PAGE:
Silicon Valley startup Theranos was all the rage promising lab results with one drop of blood. This was the convincing sell by founder Elizabeth Holmes. She was a Stanford drop out and PR darling who raised billions for a technology that never actually worked. Now she’s on trial for it. Keep up with what’s going on through these two outstanding series. First, Bad Blood from Wall Street Journal Pulitzer Prize-winning writer John Carreyrou. He blew the whistle on Theranos with his 2016 reporting. He later wrote a book about it, Bad Blood: Secrets and Lies in a Silicon Valley Startup. The Drop Out is from ABC News’ Rebecca Jarvis. She’s been covering Theranos and Holmes extensively for years. They are both in and out of the courtroom, documenting the daily happenings of the trial. Rejected jurors, legal experts, former employees and investors give their take. The trial is set to go on for at least three months so the details are never ending. Warning: the corruption, hypocrisy and billions of dollars being wasted will make your blood boil.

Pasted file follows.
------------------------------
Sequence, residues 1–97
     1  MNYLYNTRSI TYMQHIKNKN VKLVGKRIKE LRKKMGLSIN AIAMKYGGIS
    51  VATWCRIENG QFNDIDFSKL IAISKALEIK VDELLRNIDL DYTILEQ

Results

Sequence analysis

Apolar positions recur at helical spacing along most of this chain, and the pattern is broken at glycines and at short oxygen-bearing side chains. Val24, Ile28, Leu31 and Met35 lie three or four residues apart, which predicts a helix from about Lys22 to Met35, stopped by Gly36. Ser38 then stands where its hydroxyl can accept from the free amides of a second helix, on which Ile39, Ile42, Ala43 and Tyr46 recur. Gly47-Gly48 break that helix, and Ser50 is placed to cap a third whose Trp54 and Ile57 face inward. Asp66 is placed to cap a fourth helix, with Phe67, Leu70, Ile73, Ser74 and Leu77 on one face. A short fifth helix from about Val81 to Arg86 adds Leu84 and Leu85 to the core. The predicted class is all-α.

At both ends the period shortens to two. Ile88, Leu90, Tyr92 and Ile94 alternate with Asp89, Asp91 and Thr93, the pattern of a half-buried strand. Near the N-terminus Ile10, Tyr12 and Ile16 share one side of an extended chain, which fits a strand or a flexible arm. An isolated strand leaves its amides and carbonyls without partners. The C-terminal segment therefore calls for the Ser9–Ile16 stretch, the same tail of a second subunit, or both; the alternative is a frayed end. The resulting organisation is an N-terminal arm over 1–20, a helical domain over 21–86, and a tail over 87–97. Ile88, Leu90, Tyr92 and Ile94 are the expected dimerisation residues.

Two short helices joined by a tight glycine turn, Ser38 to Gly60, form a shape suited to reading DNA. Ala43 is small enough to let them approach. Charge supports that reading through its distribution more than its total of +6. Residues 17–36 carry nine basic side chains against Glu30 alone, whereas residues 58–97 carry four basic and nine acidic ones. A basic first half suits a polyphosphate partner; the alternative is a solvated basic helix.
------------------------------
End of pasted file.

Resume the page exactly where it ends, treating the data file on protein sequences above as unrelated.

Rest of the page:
Former SDNY and New Jersey Prosecutor, now CNN legal correspondent Elie Honig talks to informants, criminals and the lawyers who defend them. Although some of the guests have done some truly terrible things, Honig has a way of humanizing them. Go behind the scenes of some of the biggest mob scandals and how deals are made. A highlight episode is a revealing interview with the real life Better Call Saul defense lawyer, Murray Richman. The story of his humble beginnings and jury strategies are fascinating. Bonus points for a great Frank Sinatra meeting—a mob podcast wouldn’t be complete without it. Honig is such a great host; his experience in the courtroom translates beautifully to the podcast space.